We estimate 60% of all cases settle in the First Stage of litigation.
When your case is at a standstill – negotiations have stalled, for whatever reason, and your 1st stage of litigation is complete, the next step is usually to engage in the formal discovery process.
Formal Written Discovery
Formal Written Discovery is written questions and requests for documents. It’s a time-consuming process, but necessary to gather the evidence we need for a final trial. This is where we ask questions and request documents from the other party, who must answer them under oath and with detail. Then we use those answers and allegations to prepare our case.
We send our discovery to them, and they send their discovery to us. One round of discovery is defined as a comprehensive set of questions (any combination of questions or sub questions 100 or less), sent to our client to answer; and one set sent to the opposing party. We help our clients answer their questions, and present them in an organized fashion to return. We also continue negotiations through this process, and cases will often settle after we’ve completed this process.
The options for Formal Written Discovery are Interrogatories – Questions – and Requests for Production of Documents and subpoenas for information or documents. There are also Requests for Admissions. These are more common in civil cases than domestic, but can be used in any type of case.
Discovery can be very complicated – so the need for detail is determined on a case-by-case basis, and fees beyond the first round of written discovery is custom-priced for the circumstances.
Discovery can also lead to Discovery Disputes. This can be when the other side ignores our questions or objects to some or all questions for a variety of reasons. If these disputes cannot be resolved, then additional fees apply for filing motions and bringing these disputes to the court for the court to resolve.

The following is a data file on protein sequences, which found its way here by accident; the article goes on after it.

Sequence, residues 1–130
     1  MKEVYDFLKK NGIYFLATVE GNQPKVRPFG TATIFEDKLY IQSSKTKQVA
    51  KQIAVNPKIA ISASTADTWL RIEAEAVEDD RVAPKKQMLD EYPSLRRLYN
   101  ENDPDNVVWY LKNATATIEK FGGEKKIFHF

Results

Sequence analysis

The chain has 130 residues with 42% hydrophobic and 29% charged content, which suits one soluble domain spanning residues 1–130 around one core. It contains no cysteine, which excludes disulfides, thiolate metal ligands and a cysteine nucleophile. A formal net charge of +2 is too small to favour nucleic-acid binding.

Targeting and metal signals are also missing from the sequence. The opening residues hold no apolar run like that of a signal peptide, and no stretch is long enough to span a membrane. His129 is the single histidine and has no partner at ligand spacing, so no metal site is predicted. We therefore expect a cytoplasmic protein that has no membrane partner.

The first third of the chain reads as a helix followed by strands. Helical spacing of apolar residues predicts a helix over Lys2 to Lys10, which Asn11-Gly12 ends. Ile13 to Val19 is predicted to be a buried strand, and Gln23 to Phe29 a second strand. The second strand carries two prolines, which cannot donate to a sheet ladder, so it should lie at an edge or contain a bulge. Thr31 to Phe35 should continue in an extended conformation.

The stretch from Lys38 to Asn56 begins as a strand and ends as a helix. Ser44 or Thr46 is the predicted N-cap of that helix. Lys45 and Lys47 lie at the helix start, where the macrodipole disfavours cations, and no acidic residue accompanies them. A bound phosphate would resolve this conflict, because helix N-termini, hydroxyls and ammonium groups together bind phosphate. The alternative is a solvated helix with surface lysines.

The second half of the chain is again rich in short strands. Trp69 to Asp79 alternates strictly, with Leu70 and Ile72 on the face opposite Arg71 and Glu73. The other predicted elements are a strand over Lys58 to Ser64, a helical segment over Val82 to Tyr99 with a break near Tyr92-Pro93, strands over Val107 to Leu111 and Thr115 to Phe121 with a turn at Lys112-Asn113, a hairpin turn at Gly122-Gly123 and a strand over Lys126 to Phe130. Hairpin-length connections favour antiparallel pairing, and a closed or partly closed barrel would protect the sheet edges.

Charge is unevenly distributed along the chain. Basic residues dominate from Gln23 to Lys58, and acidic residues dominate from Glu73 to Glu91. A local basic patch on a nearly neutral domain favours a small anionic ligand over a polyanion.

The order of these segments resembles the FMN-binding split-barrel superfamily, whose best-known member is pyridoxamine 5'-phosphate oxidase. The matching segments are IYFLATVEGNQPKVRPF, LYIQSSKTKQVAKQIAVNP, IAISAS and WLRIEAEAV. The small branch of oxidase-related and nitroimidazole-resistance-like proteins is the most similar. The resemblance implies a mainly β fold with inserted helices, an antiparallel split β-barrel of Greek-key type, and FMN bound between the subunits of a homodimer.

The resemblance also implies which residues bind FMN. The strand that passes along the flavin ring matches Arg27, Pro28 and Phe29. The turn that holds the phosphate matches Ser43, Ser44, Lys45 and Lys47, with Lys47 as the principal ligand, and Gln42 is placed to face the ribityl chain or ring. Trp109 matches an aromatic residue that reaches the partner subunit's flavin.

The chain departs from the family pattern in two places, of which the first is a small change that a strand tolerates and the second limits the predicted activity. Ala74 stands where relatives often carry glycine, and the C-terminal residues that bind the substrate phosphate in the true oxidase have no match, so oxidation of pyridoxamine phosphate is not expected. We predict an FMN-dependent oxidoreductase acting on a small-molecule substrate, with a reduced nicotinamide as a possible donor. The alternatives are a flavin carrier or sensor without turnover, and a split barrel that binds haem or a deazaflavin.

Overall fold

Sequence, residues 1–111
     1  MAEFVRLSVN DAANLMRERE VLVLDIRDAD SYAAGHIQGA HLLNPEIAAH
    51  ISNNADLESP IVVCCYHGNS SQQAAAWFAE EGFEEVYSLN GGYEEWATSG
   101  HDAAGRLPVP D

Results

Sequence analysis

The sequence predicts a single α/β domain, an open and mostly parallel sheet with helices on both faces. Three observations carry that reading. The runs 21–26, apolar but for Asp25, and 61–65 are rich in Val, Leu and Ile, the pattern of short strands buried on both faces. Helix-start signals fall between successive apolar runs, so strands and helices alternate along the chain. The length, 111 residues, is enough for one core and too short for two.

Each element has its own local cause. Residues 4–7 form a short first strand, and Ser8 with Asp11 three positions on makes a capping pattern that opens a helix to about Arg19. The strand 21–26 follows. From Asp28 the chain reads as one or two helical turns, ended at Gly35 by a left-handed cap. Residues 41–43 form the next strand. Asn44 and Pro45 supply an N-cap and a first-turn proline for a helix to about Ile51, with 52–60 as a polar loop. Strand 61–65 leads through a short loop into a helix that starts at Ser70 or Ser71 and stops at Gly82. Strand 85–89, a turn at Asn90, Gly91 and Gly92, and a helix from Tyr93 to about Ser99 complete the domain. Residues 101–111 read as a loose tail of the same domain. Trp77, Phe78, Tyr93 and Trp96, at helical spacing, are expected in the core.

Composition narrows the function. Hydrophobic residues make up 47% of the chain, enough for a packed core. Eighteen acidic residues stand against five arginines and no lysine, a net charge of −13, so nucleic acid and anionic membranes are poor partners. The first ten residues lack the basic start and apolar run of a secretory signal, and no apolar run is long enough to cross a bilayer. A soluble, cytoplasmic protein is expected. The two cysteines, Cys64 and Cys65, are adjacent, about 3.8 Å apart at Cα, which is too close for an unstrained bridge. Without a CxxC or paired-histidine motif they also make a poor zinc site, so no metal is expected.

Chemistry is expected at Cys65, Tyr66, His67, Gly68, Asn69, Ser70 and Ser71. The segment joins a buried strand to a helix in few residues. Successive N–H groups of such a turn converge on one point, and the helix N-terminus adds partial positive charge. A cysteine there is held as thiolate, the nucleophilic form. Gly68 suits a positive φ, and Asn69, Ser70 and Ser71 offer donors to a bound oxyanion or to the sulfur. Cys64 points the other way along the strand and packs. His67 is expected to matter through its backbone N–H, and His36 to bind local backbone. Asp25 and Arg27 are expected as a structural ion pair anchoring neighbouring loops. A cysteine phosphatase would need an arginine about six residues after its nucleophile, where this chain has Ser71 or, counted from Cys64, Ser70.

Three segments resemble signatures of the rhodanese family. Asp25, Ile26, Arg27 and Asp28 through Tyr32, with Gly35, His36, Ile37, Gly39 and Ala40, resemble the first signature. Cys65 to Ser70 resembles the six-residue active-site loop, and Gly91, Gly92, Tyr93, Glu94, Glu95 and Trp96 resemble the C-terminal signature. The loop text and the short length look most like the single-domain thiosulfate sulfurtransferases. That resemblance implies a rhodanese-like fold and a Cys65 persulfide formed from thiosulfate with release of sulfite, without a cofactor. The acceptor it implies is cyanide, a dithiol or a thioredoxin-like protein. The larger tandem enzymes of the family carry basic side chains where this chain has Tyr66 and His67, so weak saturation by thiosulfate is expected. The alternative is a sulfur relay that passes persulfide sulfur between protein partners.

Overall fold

Formal Non-Written Discovery
There are other types of Discovery – specifically depositions. This is testimony under oath in a conference room with a court reporter and attorneys for all parties present. Depositions are not common and the need for them is determined on a case-by-case basis.
Depositions are essentially a sneak peak of the testimony of any witness at trial. It makes sense if you remember that there are not supposed to be any surprises at trial – all parties should know what the evidence is, who is testifying and what their testimony will be. Depositions allow us to find out what someone is going to say, and informs our legal strategy as we move toward preparing for the final trial.
Depositions can take an hour or a full day, and they take significant time to prepare for. Depositions also incur out of pocket costs to the court reporter and process server if we have to subpoena the witness, and, sometimes we have to pay witness fees. We will estimate these out of pocket costs on top of the attorney fee, so we can decide together if spending the money to take depositions is worth it. If other parties want to take depositions, we cannot stop them, and we have to cooperate in the scheduling of them.
What happens next?
If we don’t settle the case after discovery, then a final hearing will be necessary.
We Can Help
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